Many people who know me personally know that I recently lost a twin pregnancy. I was pretty adamant about just sharing the experience because it’s kind of a shitty emotional experience to start and hiding it from the world only makes it feel worse, I think.

I found out I was pregnant at 5 weeks, and then found out they were twins at 7 weeks, just two days after my boyfriend of almost two years and I moved in together for the first time. They were little teeny, tiny twins with slow-paced heartbeats that seemed neither strong nor overly problematic.

I realize carrying naturally conceived unplanned twins is not something that most women will ever do,  so let me ameliorate your burning internal thought process: Yes, I was scared shitless and my reaction to seeing two embryos was to start irrationally sobbing.

Sobbing. Not out of sadness or happiness, but just shock. I have no twins in my family and I was statistically unlikely to conceive twins based on several factors. It didn’t help that at 7 weeks, one looked like an amoeba and the other like a cross of a tadpole and the little white guy from the game Fez. They didn’t look human so although internally, I felt their potential and love for them, what I expected to be a game-changing moment was anything but.

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It was exciting in some sense. Like hey, there’s two of them so they’ll have that linguistically interesting “twin talk” thing and they’ll have that close bond that only two people who share one womb can have–something I’ll never understand but surely they would. But, of course, also scary because I had no idea what it meant for my career as a software engineer. Or financially how I would afford the likely possibility that these babies would be born prematurely and spend time in NICU. Or how my naturally very petite body would manage to safely grow two little watermelons–since I was already experiencing some issues with my heart as a result. I was scared but in love with them, for sure.

But at a 9 week ultrasound, we found out they hadn’t been growing and had passed shortly after the first ultrasound. My body did not recognize that the pregnancy had ended. I was recommended to have a dilation and curettage surgery to remove them.

This was an emotionally painful process, even for an unplanned pregnancy, but I’m a fairly logical person so I look at this loss positively: because it illuminated an area of life I never really had put extensive consideration into.

I’m 30 years old, almost 31, and have always felt indifference to motherhood. I get impatient with other people’s children. I always assumed I had no maternal instinct. I had a pretty sad childhood in a deeply broken family and have always felt somewhat challenged by the idea of introducing a life into a world knowing there was potential for me to cause it as much pain as was allotted to me.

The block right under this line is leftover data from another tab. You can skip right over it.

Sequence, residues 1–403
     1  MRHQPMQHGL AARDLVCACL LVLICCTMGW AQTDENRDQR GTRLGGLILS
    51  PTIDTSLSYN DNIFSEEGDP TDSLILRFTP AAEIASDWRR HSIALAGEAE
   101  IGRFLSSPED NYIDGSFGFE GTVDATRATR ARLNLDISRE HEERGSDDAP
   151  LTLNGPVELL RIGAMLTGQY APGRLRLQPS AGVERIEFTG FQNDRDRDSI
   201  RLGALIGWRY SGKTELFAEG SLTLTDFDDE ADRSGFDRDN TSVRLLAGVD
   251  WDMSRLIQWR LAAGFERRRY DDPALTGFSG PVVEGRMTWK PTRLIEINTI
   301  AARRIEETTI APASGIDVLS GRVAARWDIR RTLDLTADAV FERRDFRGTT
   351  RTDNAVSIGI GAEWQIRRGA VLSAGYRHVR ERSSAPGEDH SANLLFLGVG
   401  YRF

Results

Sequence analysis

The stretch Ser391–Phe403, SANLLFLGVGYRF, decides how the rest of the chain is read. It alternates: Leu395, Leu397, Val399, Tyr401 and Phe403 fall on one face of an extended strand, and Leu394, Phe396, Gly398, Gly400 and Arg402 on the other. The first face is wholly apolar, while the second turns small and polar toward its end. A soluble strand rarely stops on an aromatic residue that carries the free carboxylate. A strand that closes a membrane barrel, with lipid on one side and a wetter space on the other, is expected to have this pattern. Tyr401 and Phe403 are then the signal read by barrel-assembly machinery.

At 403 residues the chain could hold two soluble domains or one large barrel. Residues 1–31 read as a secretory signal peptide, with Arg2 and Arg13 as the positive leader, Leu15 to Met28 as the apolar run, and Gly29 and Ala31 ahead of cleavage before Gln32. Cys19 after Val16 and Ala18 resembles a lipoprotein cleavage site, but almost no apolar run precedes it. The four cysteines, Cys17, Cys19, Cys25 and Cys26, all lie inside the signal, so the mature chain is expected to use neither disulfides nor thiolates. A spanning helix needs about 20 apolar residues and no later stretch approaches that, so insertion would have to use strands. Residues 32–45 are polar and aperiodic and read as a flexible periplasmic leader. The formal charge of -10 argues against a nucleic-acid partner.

But, contrarily, knew there was a good chance I might be a kick-ass loving, compassionate mom who made sure her kid saw the world young, learned early, was well-cultured, well-mannered, had lots of friends, and was treated fairly and with respect. This is a tall order and takes a lot of effort, and I know it.

I write this from the unpopular side of someone who before pregnancy never yearned for a child. Who, upon finding out she was pregnant, immediately focused on the selfish aspects of what I felt was taken away from her: independence, financial freedom, fun, her ability to drink wine, craft beer, or cold brew coffee, take hot baths, do hardcore crossfit, ride a bike more than half a mile without needing to stop to dry heave, use ibuprofen and other common medicines, or eat goat cheese or unpasteurized soft cheeses.

It took time for me to look past these emotions and fully embrace what positivity also surrounded it–things that are supposedly natural to others but took deep introspection to extract out of my own heart. Once I found those emotions, I found a new part of myself who was a stranger laying in wait. And it was really eye-opening.

That person inside revealed to me that my pregnancy was something I owned and was in control of. That my children, although in many ways defined by nature, are shaped by the attitude I have when they’re inside of me and later outside of me.  They are a byproduct of me and another person and whatever relationship is fashioned between the four of us is not the same as any other person’s relationship with their children.

These children are gone today. Some day I might have another child or children. Those children will never replace these children. And that is what a miscarriage is like. It’s saying goodbye to someone who was with you for a while, who communicated to you through some weird telepathic force, who made you feel ways you never knew you could feel, who opened up a chapter of your life that you never would have been able to open on your own, who you loved deeply and unconditionally, and yet all the same…

You never got to meet, hug, thank, or even so much as say hello to them.